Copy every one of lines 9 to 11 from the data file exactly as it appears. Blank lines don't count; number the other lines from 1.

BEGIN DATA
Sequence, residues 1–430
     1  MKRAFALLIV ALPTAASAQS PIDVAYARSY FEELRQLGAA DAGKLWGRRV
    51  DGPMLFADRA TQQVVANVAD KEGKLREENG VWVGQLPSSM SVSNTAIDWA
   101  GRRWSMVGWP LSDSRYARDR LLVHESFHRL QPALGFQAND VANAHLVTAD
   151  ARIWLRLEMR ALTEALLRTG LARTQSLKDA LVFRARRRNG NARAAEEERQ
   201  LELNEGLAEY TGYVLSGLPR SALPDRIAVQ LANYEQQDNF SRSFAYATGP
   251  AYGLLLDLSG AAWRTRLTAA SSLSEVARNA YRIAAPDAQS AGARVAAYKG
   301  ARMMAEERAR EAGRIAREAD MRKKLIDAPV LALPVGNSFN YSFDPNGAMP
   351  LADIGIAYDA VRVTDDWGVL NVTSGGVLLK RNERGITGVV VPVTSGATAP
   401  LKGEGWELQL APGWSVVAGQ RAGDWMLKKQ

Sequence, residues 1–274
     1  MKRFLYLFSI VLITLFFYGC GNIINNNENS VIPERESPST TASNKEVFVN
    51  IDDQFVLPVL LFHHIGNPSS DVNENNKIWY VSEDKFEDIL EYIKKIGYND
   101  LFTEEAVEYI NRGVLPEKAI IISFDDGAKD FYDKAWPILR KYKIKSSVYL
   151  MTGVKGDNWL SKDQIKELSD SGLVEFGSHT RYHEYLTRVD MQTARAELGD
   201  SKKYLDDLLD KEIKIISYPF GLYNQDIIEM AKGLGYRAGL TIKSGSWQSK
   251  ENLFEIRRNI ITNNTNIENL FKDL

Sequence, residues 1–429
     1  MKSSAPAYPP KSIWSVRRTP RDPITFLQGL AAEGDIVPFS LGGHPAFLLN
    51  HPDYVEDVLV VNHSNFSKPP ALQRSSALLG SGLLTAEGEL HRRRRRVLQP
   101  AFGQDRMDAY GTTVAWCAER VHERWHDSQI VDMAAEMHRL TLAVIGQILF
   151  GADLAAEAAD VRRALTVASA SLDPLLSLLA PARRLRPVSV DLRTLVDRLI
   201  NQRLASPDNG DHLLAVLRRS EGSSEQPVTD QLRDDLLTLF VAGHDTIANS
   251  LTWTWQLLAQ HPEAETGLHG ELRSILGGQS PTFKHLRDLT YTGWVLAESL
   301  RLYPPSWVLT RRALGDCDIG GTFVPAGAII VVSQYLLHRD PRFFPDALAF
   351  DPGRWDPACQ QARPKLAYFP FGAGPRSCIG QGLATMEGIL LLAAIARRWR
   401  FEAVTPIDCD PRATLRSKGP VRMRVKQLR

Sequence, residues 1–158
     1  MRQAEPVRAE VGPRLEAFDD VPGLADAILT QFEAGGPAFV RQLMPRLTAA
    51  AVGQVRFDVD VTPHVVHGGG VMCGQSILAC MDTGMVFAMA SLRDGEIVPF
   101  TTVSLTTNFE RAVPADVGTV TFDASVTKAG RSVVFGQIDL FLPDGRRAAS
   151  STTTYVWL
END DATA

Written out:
   351  LADIGIAYDA VRVTDDWGVL NVTSGGVLLK RNERGITGVV VPVTSGATAP
   401  LKGEGWELQL APGWSVVAGQ RAGDWMLKKQ

Sequence, residues 1–274